The data shows that simply counting on an increase in driving over time won’t work for predicting aftermarket service demand. Instead, aftermarket businesses should focus on the specific factors that influence driving habits, like economic trends such as inflation and cultural/societal trends such as remote work policies. This understanding is crucial for aftermarket businesses to effectively manage inventory, plan marketing and schedule services. Recognizing that vehicle use can vary widely, rather than following a steady climb, allows aftermarket companies to be more agile and meet their customers’ needs in real time.

Is there a correlation between gas prices and vehicle miles driven?

Various reports and studies have highlighted a discernible link between gasoline prices and the distance traveled by drivers. However, a broader analysis of economic data reveals a more complex scenario. Despite the intuitive connection between fuel costs and driving behavior, the practical demands of daily life in America—such as commuting to work, school and other essential activities—often render the inclination to reduce driving due to higher gas prices moot. (See Chart 3 which integrates information from the preceding two charts.)

Chart 3 Dollars Per Gallon
Chart 3

While there’s a connection between gas prices and VMT, it’s relatively weak as indicated by the low correlation coefficient and the even smaller predictive regression score not presented, indicating the presence of other influential factors. For accurate market predictions, we must consider additional variables like geopolitical issues affecting oil supply, policy changes and shifts in oil demand, which can abruptly alter gas prices.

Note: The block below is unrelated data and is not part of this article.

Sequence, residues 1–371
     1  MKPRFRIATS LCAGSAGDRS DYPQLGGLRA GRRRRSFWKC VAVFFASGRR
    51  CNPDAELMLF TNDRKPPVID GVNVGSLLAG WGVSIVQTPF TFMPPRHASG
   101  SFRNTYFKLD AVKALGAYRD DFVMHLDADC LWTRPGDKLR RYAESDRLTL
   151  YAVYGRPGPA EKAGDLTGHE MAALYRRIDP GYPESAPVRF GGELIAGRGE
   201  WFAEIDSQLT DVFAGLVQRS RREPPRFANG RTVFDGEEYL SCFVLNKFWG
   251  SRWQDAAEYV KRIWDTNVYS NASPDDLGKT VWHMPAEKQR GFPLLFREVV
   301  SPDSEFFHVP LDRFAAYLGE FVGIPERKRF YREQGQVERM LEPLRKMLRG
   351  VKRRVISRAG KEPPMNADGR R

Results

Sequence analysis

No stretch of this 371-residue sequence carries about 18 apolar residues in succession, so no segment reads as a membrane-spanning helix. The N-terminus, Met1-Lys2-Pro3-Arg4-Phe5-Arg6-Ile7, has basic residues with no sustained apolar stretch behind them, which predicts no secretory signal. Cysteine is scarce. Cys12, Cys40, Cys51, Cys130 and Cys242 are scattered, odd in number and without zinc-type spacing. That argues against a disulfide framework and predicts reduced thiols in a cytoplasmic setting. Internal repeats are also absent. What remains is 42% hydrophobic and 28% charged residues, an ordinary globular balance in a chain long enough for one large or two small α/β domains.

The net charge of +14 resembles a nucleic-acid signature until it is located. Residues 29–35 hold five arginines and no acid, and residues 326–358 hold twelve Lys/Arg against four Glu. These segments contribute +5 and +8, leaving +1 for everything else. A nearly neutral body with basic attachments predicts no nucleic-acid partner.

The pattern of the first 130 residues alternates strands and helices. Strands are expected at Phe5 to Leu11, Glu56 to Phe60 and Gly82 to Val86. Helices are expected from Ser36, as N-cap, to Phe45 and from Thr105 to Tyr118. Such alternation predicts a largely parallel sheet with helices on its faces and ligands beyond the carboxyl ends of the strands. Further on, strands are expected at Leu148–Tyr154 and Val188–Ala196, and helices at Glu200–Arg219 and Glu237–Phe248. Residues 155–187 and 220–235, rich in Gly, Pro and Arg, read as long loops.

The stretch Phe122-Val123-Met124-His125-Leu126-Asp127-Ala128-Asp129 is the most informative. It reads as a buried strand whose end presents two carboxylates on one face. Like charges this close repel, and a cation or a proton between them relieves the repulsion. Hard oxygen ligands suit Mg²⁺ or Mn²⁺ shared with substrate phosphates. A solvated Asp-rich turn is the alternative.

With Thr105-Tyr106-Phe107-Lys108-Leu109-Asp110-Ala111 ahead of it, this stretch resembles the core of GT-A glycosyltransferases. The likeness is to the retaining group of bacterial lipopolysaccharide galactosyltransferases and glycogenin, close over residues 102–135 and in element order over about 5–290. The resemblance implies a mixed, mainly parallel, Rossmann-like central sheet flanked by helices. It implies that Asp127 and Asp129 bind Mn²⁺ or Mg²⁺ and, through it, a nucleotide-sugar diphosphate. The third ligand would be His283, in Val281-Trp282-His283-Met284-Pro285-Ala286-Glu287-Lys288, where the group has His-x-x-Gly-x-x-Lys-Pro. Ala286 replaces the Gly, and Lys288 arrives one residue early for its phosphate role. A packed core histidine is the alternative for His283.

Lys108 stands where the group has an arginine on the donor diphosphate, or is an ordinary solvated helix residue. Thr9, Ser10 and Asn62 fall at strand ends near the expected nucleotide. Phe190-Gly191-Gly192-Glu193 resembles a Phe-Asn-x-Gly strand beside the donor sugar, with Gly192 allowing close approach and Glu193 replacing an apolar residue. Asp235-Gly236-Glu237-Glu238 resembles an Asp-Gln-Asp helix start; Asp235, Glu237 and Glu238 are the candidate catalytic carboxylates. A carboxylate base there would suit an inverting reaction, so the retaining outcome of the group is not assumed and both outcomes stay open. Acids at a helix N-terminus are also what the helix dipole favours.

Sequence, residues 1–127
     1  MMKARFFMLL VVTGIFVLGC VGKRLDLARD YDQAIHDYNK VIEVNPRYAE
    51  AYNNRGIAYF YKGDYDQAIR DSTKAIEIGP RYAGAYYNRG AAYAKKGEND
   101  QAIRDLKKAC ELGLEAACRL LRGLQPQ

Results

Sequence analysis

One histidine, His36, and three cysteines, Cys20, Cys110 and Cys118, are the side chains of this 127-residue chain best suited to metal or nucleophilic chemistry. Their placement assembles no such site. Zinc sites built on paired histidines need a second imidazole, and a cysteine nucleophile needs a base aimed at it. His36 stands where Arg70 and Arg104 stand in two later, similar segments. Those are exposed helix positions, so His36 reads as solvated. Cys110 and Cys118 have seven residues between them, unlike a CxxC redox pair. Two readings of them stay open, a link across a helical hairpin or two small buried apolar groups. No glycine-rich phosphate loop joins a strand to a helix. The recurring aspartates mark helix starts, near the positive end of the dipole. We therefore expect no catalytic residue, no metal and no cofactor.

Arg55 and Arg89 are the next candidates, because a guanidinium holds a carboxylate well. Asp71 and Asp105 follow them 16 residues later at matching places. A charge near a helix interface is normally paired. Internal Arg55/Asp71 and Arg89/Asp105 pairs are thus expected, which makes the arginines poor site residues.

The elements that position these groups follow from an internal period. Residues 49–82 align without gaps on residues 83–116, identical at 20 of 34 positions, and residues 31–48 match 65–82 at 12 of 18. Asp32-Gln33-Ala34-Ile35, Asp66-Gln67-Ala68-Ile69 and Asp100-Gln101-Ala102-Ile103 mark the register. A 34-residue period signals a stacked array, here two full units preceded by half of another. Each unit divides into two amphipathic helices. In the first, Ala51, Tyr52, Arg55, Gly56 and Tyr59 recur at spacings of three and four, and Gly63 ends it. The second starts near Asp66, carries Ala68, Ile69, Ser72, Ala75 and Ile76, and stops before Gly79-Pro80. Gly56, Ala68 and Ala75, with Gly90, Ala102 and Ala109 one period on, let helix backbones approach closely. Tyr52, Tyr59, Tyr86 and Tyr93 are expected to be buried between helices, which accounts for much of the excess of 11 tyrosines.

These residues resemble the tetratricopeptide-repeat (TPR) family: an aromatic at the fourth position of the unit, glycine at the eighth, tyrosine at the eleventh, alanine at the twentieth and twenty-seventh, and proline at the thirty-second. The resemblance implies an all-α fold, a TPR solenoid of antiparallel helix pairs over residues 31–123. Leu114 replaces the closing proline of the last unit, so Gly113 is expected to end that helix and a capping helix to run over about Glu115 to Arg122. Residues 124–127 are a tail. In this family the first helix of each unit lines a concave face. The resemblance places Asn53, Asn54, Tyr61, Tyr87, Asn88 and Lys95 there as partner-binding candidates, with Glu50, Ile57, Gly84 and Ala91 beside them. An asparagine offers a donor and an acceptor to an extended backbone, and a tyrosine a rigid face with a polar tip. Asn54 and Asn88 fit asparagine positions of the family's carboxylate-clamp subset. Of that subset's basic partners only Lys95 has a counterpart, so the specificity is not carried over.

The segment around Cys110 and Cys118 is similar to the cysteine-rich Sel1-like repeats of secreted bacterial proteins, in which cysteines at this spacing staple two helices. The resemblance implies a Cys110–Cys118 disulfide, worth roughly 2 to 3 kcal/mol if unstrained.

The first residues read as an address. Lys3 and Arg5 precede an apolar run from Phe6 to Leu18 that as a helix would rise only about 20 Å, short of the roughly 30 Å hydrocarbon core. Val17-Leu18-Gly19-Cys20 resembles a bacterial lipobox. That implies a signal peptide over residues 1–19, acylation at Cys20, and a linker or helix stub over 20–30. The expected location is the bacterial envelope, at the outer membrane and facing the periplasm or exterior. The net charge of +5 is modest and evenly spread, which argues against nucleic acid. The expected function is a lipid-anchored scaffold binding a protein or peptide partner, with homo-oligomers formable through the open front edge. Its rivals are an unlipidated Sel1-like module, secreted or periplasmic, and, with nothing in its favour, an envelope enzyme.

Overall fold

Similarly, VMT is influenced by factors such as public transportation availability, urban versus rural living patterns and societal shifts toward remote work or “walkable” cities. Changes in consumer preferences, such as a growing interest in environmentally friendly transportation options or online shopping, can also play a crucial role.

Therefore, automotive aftermarket professionals should consider integrating advanced analytics and diverse data sources into their decision-making processes. This could involve investing in resources that help analyze social, economic and political trends, alongside traditional market data. Engaging with experts in related fields, from energy economics to urban planning, can also enrich their strategic outlook. In summary, a proactive understanding of the diverse drivers behind market changes is essential to navigate the industry’s complexities, capitalize on opportunities and ensure lasting success in a constantly evolving market.

This article originally appeared in our sister publication, AftermarketNews.